Wednesday, August 26, 2009

Kennedy was at the center of the most important issues facing the nation for decades, and he did much to help shape them. A defender of the poor and politically disadvantaged, he set the standard for his party on health care, education, civil rights, campaign-finance reform and labor law
Joe Holley writes in The Washington Post on Ted Kennedy's political importance
He was a Rabelaisian figure in the Senate and in life, instantly recognizable by his shock of white hair, his florid, oversize face, his booming Boston brogue, his powerful but pained stride. He was a celebrity, sometimes a self-parody, a hearty friend, an implacable foe, a man of large faith and large flaws, a melancholy character who persevered, drank deeply and sang loudly. He was a Kennedy.
New York Times journalist John M Broder describes the Kennedy effect.
Seared in my memory: When I interned at the Heritage Foundation, I would pop into Mass at Saint Joseph's on the Hill. And I would almost always find myself sitting near Ted Kennedy. He's responsible for things that are deeply offensive to my conscience and diametrically opposed to the teachings of the Catholic faith, and he probably led some people astray by his example. But our faith also teaches that we are all sinners and that there is redemption. He had some incredibly good forces in his life, not least among them his sister, Eunice, who just died. I pray for the repose of his soul. R.I.P. Senator Kennedy.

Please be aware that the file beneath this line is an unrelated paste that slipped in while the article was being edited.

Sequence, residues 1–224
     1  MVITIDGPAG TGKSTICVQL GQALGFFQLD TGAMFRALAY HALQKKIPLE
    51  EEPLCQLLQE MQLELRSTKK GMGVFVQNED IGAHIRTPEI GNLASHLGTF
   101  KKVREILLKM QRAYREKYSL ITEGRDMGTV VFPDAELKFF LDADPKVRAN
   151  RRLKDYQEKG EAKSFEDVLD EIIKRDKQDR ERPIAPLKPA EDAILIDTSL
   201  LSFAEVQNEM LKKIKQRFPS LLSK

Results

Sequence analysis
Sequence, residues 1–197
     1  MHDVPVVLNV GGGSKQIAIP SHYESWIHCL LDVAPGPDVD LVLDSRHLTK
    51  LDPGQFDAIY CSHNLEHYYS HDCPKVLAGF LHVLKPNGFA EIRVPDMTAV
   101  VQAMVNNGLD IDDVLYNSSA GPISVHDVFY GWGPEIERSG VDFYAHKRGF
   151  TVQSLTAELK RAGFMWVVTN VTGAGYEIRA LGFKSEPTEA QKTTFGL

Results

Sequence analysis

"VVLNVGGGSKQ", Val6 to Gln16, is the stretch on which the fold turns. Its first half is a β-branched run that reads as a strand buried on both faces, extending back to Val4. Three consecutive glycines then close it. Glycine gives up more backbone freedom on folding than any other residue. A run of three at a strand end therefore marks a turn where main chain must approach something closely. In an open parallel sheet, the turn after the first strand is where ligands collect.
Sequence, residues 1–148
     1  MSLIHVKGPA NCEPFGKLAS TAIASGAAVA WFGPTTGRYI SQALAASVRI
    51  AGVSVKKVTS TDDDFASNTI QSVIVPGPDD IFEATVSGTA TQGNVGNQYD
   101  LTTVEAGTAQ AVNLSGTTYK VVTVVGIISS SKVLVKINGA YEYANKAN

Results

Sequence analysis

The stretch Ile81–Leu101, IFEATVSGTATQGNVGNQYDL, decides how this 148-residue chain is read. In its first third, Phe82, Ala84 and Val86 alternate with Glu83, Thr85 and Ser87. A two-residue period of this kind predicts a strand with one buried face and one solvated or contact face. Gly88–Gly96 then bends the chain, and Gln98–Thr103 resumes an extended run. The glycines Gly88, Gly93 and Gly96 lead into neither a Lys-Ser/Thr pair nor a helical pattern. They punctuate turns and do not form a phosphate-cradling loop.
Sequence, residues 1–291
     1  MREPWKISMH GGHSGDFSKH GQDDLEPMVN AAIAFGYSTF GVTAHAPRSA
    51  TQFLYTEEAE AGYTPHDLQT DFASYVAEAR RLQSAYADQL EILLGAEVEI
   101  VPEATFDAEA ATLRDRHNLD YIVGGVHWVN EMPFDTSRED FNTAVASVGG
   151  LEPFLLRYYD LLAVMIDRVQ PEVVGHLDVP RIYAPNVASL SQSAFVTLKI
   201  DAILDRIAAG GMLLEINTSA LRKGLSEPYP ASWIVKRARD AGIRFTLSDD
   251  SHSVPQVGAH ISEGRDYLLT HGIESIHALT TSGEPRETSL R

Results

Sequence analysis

Kathryn Lean Lopez blogs her tribute at the National Review.
Elected first in 1962, the 77-year-old Massachusetts liberal was rooted in the civil rights and Great Society battles of that decade, but his enduring strength was an ability to renew himself through his mastery of issues and the changing personalities of the Senate. Nowhere was this clearer than in Kennedy's early support of Barack Obama in 2008, when the young Illinois Democrat needed to establish himself against more veteran rivals for the White House. Kennedy not only campaigned for Obama but, at risk to his own health, opened the Democratic National Convention a year ago in Denver and returned to Washington repeatedly last winter to cast needed votes to move the new president's economic recovery agenda.
David Rogers in Politico highlights the veteran senator's lasting political importance.
In many ways, he was the last man standing, straddling a mythic family mantle of fame and a vaunted career of political service, all the while wearing the crown of Camelot decades after its heyday...the senator's death brought to a close a storied political era - of assassinations, Jackie O, Palm Beach, Chappaquiddick - and a lifetime of both tragedy and public service.
Andrea Billup writes in the The Washington Times that 'Camelot' fades with Kennedy passing
In losing Kennedy, Obama loses a key Senate dealmaker at a crucial moment in legislative negotiations over the health care bill. Though an icon of Democratic liberalism, Kennedy was known to colleagues as a jovial pragmatist, whose many friendships with colleagues across the political and ideological spectrum made him one of the Senate's most influential players.
Kathy Kiely in USA Today examines the impact of Ted Kennedy's death on healthcare reform.


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